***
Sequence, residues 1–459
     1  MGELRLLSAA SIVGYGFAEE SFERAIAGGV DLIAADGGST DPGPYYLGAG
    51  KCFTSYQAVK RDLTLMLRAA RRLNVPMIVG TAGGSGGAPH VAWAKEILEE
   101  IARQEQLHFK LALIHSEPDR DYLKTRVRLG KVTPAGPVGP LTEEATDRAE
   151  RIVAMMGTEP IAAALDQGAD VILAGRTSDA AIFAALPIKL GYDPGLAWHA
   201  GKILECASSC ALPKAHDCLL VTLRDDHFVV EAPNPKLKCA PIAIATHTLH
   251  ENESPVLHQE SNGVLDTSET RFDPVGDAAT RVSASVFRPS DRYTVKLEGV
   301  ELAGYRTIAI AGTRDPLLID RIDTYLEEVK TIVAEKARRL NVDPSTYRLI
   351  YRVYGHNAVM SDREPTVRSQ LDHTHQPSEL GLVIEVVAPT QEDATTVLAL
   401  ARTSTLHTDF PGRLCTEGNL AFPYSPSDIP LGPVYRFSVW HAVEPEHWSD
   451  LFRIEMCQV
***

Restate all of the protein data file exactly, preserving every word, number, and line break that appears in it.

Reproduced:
Sequence, residues 1–459
     1  MGELRLLSAA SIVGYGFAEE SFERAIAGGV DLIAADGGST DPGPYYLGAG
    51  KCFTSYQAVK RDLTLMLRAA RRLNVPMIVG TAGGSGGAPH VAWAKEILEE
   101  IARQEQLHFK LALIHSEPDR DYLKTRVRLG KVTPAGPVGP LTEEATDRAE
   151  RIVAMMGTEP IAAALDQGAD VILAGRTSDA AIFAALPIKL GYDPGLAWHA
   201  GKILECASSC ALPKAHDCLL VTLRDDHFVV EAPNPKLKCA PIAIATHTLH
   251  ENESPVLHQE SNGVLDTSET RFDPVGDAAT RVSASVFRPS DRYTVKLEGV
   301  ELAGYRTIAI AGTRDPLLID RIDTYLEEVK TIVAEKARRL NVDPSTYRLI
   351  YRVYGHNAVM SDREPTVRSQ LDHTHQPSEL GLVIEVVAPT QEDATTVLAL
   401  ARTSTLHTDF PGRLCTEGNL AFPYSPSDIP LGPVYRFSVW HAVEPEHWSD
   451  LFRIEMCQV